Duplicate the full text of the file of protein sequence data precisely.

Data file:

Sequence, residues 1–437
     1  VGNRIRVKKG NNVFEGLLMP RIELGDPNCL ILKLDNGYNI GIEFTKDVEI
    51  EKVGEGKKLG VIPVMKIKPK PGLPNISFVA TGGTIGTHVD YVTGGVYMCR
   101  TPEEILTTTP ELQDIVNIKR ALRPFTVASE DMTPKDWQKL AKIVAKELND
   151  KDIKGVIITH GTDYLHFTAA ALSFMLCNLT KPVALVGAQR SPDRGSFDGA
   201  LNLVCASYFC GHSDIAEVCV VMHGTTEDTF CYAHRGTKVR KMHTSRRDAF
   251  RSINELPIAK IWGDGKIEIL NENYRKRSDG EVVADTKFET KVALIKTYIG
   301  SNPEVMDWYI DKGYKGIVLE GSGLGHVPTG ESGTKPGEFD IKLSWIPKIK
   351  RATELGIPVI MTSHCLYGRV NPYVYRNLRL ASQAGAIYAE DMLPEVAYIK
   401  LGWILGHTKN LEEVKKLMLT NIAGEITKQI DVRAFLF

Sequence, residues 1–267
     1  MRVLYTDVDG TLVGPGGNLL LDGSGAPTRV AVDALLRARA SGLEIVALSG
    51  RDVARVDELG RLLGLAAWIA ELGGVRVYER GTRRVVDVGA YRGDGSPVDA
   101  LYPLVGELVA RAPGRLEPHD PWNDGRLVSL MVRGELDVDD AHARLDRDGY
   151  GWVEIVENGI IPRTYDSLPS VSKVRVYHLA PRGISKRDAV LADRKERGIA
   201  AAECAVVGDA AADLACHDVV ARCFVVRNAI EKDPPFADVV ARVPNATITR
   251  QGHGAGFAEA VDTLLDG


Sequence, residues 1–437
     1  VGNRIRVKKG NNVFEGLLMP RIELGDPNCL ILKLDNGYNI GIEFTKDVEI
    51  EKVGEGKKLG VIPVMKIKPK PGLPNISFVA TGGTIGTHVD YVTGGVYMCR
   101  TPEEILTTTP ELQDIVNIKR ALRPFTVASE DMTPKDWQKL AKIVAKELND
   151  KDIKGVIITH GTDYLHFTAA ALSFMLCNLT KPVALVGAQR SPDRGSFDGA
   201  LNLVCASYFC GHSDIAEVCV VMHGTTEDTF CYAHRGTKVR KMHTSRRDAF
   251  RSINELPIAK IWGDGKIEIL NENYRKRSDG EVVADTKFET KVALIKTYIG
   301  SNPEVMDWYI DKGYKGIVLE GSGLGHVPTG ESGTKPGEFD IKLSWIPKIK
   351  RATELGIPVI MTSHCLYGRV NPYVYRNLRL ASQAGAIYAE DMLPEVAYIK
   401  LGWILGHTKN LEEVKKLMLT NIAGEITKQI DVRAFLF

Sequence, residues 1–267
     1  MRVLYTDVDG TLVGPGGNLL LDGSGAPTRV AVDALLRARA SGLEIVALSG
    51  RDVARVDELG RLLGLAAWIA ELGGVRVYER GTRRVVDVGA YRGDGSPVDA
   101  LYPLVGELVA RAPGRLEPHD PWNDGRLVSL MVRGELDVDD AHARLDRDGY
   151  GWVEIVENGI IPRTYDSLPS VSKVRVYHLA PRGISKRDAV LADRKERGIA
   201  AAECAVVGDA AADLACHDVV ARCFVVRNAI EKDPPFADVV ARVPNATITR
   251  QGHGAGFAEA VDTLLDG